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Did You Use A Mnemonic Device Today?

No, a mnemonic device isn't the latest gadget, but a cool trick that helps you remember important information. If you have trouble remembering things, mnemonics can help!

Thirty days hath September,
April, June, and November…

If you’ve ever recited this childhood rhyme to remember which of our months have thirty days, you’ve used a mnemonic device.

What’s A Mnemonic Device?

No, it’s not the latest gadget, but a cool memory trick to help us remember facts—a large number of facts, lists, or some other type of bulk information. Basic mnemonic devices (or simply mnemonics) use words, sentences, or even images that our minds can associate with the information we’d like to remember. Most mnemonics are rhymes, acronyms, or catchy phrases that are easier to recall than the information they represent. The word is derived from the Ancient Greek word mnēmonikos, meaning “of memory,” or “relating to memory.”

How Do You Pronounce “Mnemonic”?

For a tool to make memory easier, the word itself is a tricky one! The first M is silent. “Mnemonic” is pronounced as three syllables, “ne-MON-ik.”

Why Do Mnemonics Work?

There is still a lot of research being done about why mnemonics work, but we do know a couple of things. First, they’re a way to encode information, and encoding makes it easier for our brains to recall information. This is particularly true with mnemonics that rhyme. When we hear and memorize a rhyme, that is a form of acoustic encoding that helps us commit the rhyme to memory through hearing. The brain is able to break the words of the rhyme down into phonemes (you may recognize the root word phone, which relates to phonics), which is how we decode spoken words in order to understand their meanings.

Columbus sailed the ocean blue
In fourteen hundred and ninety-two.

“Chunking” is another reason why mnemonics make it easier for us to recall information. Research shows that human short-term memory is limited to a small number of items at once. Mnemonic chunks make it easier to hold information in short-term memory. Phone numbers and social security numbers are an example of chunking—the digits are grouped into chunks that are easier to remember.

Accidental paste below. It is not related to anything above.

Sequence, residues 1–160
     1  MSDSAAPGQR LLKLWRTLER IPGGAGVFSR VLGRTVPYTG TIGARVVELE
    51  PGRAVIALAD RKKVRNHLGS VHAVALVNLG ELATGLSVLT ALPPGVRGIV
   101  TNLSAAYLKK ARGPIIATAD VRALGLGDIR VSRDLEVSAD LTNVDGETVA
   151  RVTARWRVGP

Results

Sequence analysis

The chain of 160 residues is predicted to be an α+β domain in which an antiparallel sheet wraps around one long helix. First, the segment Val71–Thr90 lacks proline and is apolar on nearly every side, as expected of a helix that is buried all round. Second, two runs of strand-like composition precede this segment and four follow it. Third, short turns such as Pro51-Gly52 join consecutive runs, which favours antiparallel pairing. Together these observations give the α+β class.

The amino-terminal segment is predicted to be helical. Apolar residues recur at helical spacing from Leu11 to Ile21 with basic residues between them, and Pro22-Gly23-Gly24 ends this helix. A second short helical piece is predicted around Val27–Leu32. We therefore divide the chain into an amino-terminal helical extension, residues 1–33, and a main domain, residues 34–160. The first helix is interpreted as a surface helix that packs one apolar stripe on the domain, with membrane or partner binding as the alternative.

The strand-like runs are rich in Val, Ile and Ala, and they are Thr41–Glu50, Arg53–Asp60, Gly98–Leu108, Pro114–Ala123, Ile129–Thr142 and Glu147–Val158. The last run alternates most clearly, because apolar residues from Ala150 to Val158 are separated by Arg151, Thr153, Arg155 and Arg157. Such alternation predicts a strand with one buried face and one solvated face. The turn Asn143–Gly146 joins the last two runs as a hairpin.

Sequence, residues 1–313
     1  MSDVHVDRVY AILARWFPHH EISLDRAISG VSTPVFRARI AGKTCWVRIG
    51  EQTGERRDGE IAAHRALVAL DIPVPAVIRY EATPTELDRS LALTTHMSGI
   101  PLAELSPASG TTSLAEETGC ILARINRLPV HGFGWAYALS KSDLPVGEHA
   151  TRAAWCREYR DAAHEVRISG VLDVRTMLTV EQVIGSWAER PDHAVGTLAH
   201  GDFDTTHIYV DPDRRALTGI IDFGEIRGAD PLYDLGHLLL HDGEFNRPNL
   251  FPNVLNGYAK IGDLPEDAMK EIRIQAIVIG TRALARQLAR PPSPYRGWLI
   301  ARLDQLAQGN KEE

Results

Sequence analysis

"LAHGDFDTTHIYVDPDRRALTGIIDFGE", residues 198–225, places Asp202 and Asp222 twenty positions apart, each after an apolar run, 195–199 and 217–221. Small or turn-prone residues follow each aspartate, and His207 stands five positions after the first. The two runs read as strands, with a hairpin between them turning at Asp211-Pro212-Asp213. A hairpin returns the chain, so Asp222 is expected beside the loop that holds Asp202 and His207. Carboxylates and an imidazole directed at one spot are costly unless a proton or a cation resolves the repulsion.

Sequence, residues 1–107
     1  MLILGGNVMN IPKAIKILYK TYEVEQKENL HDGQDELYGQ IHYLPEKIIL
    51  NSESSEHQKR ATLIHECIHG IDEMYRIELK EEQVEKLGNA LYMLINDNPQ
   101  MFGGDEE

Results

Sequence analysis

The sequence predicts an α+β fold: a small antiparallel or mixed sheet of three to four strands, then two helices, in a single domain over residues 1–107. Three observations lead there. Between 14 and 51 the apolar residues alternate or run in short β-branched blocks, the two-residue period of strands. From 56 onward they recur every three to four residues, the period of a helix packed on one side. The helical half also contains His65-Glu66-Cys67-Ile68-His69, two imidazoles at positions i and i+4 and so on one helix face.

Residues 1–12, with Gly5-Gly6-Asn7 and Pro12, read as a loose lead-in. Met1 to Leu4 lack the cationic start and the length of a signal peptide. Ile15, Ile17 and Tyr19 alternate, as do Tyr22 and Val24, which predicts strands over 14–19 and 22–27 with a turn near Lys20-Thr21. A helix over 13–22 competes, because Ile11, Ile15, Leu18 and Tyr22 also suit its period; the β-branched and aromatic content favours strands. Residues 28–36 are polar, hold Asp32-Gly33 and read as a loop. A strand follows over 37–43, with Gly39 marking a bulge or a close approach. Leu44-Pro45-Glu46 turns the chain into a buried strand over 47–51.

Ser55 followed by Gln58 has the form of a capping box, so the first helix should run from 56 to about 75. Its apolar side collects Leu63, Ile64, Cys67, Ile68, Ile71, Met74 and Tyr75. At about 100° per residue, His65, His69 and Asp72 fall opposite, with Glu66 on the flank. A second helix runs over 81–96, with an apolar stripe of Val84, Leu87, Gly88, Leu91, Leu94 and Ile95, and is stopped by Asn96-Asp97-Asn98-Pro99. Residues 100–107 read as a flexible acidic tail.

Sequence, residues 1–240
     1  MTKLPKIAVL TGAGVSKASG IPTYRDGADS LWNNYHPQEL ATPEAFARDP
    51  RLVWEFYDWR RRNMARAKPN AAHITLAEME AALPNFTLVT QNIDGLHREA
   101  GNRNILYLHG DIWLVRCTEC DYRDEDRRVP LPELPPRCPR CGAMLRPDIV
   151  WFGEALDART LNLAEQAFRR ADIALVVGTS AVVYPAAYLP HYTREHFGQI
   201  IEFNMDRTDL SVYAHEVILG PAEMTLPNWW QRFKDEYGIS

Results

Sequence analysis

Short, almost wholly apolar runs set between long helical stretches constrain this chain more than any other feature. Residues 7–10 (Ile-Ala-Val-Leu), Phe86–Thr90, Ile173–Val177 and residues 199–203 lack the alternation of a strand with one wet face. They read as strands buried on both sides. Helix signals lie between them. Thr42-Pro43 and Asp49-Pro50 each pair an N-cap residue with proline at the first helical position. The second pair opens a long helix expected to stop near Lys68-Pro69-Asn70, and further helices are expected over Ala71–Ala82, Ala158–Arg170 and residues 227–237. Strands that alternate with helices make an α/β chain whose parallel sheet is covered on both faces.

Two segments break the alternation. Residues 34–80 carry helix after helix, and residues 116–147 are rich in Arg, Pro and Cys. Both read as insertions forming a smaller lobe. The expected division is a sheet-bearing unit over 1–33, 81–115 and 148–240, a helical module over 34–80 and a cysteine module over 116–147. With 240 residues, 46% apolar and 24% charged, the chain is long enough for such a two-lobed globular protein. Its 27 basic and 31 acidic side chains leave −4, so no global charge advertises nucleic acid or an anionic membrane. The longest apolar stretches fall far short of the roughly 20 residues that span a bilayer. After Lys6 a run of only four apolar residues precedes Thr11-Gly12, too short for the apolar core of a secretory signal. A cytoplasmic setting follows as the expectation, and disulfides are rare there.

Popular Mnemonic Devices

Rhymes

To remember how to spell words like “receive,” try this famous mnemonic:

I before E, except after C
Or when sounding like A
In neighbor and weigh.

Acronyms

My Very Educated Mother Just Served Us Nine Potatoes.
This mnemonic is designed to help you remember the planets in order from the Sun: Mercury, Venus, Earth, Mars, Jupiter, Saturn, Uranus, Neptune, Pluto (though astronomers are still arguing about Pluto’s planetary status). The new mnemonic for planets without Pluto is: My Very Educated Mother Just Served Us Noodles.

Roy G. Biv
This acronym fashioned to look like a name helps us remember the colors of the rainbow: red, orange, yellow, green, blue, indigo, violet.

FANBOYS
For grammar gurus, this is a must-use acronym that helps us remember all seven coordinating conjunctions: for, and, nor, but, or, yet, so.

There are lots of famous mnemonics out there to help us remember all kinds of things, but you can create your own mnemonics, too. Make up a simple rhyme or create your own acronym to make it easier to remember birthdays, tasks for work or school, grocery lists, and other bits of important information.

Do you use a mnemonic device to help you remember something? Share it with us in the comments below.

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Amber Kanuckel

Amber Kanuckel is a freelance writer from rural Ohio who loves all things outdoors. She specializes in home, garden, environmental, and green living topics.

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Suzanne Jacobsen

I become E except after C or when sounding like A as in neighbor or weigh.
I realize I could tell real lies with my real eyes open.

ace johnson

TRIG FUNCTIONS: SIN, COS, TAN; SOH CAH TOA {SOME OLD HORSE CAUGHT ANOTHER HORSE TAKING OATS AWAY} SIN — OPPOSITE / HYPOTENUSE; COS — ADJACENT / HYPOTENUSE; TAN OPPOSITE / ADJACENT

Janine Mccurdy

How to remember small dressage ring markers….All King Edward’s Horses Can’t Make Big Fences

Bonnie Gentry

I use HOMES to remember the Great Lakes: Huron, Ontario, Michigan, Erie, Superior. lol. Works for me!

Gary

When I was a kid a teacher said “I before E except after C”. What I heard was “I before E accept after C”. See how that can be confusing to a child? Why not something like “I before E but not after C”?

Tricia

Be My Little General Always. US Army ranks of general. (stars) Brigadier, Major, Lieutenant, General, General of the Armies

Mark L Barnett

This one is grade school old. A Rat In Tom’s House Might Eat Tom’s Ice Cream: Arithmetic. lol

john

I hated math, (and still do) so am glad I never had an Aunt Sally!

Parentheses, Exponents, Multiplication, Division, Addition, Subtraction

Please Excuse My Dear Aunt Sally

Libby Massey

My uncle used this to teach me to spell. Mi crooked letter crooked I crooked letter crooked letter I, Mississippi.

Tina

You forgot the “hump-back” part! Lol

MI crooked letter crooked letter I crooked letter crooked letter I hump-back hump-back I =Mississippi

Sorry, I just HAD to say the whole thing! Lol Not Everyone around the world has heard that saying before.

Cheri

Kind Pa Can Open Front Garage S(I can’t remember this one) my 10th grade science teacher taught it to us to remember Kind, Phyllum, Class, Origin, Family, Genus, and Species

Susan Higgins

Cheri, excellent!

Molly Anderson

How about this one. I could never spell geography. So my dad taught me the following:
George Edwards Old Grandma Rode a Pony Home Yesterday. I am 81 and still remember. giggle giggle

Susan Higgins

Molly, that’s fantastic! Thanks for sharing!

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